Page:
12. I suppose we can conclude that for Simone Weil the good and the bad, ethics, and morals are never entirely exterior to anyone.
    We could also infer that, for Weil, psychology (as she interpreted it, or as the standard interpretation of the time was) is a futile project. [back]
  13. Therefore literature is primarily about the good vs. the evil. Its function is to tell moral stories about human lives. [back]
  14. François Villon (1431-1463) is the best known French medieval poet. His (short) life was shrouded in mystery and crime.
    In June 1455 he committed his first crime: killing Philippe Chermoye, a priest who attacked him first (or so were the priest's last words) after a brawl started. Since self-defense was not a legal excuse at the time Villon had to suffer banishment from Paris, his place of birth.
    The following January Villon received two pardons from King Charles VII, one for François des Loges, aka Villon, and the other for François de Montcorbier, de Loges and de Montcorbier appear both in his official documents. He used the last name Villon to refer to himself in his writings. Villon is the last name of his foster father.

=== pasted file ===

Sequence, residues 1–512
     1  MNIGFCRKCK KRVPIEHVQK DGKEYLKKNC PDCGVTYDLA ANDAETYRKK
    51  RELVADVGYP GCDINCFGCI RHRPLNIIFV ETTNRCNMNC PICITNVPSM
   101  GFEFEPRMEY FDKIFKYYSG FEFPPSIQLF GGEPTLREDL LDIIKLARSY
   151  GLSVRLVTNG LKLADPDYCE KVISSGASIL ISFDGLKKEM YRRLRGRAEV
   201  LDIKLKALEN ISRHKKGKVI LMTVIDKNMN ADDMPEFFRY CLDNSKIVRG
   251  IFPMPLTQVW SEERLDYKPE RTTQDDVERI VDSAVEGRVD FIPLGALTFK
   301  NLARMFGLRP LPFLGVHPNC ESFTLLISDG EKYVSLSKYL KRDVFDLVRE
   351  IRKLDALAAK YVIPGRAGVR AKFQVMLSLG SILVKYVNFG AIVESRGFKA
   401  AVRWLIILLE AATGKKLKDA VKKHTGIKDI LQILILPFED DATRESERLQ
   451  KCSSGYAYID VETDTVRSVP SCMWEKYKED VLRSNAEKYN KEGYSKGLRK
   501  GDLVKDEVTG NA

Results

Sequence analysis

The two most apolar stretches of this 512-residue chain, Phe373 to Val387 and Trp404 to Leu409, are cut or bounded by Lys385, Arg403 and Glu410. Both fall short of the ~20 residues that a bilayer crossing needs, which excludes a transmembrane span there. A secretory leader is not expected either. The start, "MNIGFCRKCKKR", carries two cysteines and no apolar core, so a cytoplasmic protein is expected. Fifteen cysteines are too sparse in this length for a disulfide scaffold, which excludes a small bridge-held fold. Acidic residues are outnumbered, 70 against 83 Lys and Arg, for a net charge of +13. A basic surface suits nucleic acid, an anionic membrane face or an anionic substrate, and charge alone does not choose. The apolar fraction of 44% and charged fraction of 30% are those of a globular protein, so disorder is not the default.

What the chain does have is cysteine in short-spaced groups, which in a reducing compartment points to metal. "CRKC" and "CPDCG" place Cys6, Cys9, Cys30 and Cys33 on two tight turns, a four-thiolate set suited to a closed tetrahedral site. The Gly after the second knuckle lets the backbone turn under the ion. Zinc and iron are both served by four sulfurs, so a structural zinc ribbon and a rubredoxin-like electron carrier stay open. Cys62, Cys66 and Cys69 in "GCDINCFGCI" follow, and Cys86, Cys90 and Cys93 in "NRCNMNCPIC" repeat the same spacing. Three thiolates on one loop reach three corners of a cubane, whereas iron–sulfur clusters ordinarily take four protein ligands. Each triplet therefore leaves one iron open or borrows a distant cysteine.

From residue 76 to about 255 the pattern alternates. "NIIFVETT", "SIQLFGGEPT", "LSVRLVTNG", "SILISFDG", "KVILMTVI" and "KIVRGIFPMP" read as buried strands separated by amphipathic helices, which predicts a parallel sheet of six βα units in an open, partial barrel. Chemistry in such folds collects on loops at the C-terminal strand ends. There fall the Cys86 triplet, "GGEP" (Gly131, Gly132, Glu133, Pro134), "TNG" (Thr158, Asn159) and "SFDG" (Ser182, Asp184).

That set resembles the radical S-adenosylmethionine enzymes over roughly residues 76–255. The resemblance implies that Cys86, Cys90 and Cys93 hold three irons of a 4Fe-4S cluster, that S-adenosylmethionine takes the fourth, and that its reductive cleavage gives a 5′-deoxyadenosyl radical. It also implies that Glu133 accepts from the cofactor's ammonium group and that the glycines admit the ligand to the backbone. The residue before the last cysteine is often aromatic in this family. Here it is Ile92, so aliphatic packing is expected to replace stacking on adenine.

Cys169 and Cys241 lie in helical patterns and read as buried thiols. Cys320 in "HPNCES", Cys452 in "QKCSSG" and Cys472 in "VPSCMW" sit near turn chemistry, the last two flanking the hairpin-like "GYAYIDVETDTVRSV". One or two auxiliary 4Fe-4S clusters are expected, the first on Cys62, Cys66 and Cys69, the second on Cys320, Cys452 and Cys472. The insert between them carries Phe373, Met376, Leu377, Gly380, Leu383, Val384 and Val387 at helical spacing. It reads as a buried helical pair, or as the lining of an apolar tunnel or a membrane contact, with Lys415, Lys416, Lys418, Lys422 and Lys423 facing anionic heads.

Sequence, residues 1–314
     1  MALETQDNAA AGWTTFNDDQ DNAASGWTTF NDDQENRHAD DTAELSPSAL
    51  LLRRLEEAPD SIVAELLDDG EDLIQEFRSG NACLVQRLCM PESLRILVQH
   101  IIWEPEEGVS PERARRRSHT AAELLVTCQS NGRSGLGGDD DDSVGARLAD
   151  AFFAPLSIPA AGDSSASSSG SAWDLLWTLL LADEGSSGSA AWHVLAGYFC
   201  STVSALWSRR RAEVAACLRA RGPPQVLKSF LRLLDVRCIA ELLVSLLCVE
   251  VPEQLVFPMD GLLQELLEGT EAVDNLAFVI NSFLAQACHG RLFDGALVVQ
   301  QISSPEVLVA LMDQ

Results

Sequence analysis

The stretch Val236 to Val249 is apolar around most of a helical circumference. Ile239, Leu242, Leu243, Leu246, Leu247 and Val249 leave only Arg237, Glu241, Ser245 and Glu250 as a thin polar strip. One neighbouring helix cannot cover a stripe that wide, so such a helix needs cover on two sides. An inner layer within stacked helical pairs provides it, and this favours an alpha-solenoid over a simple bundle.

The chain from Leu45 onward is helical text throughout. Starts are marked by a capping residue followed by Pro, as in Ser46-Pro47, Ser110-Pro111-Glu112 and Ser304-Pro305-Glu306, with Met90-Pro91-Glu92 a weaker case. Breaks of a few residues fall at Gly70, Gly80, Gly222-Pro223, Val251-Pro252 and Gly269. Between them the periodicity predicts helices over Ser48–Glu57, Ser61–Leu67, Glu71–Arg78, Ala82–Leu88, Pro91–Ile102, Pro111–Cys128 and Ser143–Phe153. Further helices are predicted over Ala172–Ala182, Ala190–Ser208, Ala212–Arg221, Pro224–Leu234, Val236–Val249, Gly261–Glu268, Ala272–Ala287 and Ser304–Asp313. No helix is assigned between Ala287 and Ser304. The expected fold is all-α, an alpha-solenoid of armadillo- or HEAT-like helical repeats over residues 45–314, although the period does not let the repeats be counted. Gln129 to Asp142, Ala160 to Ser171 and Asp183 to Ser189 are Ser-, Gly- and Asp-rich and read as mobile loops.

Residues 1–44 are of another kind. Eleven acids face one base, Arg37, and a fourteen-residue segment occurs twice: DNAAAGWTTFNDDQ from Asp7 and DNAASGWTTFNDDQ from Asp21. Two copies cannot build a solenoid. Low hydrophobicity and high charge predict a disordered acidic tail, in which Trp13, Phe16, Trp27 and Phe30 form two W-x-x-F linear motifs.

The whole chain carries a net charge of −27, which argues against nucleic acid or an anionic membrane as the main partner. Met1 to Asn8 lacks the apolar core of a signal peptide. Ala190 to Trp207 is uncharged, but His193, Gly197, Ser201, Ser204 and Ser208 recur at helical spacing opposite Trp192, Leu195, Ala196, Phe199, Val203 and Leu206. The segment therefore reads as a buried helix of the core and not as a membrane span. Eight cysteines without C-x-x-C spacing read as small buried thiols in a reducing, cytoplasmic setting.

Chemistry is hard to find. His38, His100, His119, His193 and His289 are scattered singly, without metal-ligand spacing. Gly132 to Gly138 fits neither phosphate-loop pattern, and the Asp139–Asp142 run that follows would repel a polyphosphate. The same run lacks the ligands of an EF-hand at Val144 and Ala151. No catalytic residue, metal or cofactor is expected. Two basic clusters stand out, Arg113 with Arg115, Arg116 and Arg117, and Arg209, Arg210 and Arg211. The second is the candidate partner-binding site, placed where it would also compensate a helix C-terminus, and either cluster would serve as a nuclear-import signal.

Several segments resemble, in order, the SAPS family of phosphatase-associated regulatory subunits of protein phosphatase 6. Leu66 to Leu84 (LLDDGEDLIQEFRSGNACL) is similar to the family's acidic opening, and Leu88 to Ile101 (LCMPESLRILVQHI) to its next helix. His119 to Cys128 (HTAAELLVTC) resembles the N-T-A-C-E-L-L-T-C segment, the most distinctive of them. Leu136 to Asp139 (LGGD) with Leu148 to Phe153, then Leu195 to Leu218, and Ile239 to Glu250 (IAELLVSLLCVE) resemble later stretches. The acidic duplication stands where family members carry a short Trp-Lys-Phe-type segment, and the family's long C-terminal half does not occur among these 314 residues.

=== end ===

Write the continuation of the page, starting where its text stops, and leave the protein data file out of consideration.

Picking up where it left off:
The following December Villon participated in robbing the chapel of Collège de Navarre which went unnoticed for some six-months. It is said that Villon fled Paris shortly after committing the crime. Anyways, in November 1462 Villon was arrested for an unrelated crime. During his arrest the Collège de Navarre theft was revived and he was sentenced to death, which was later wavered to banishment in January 1943.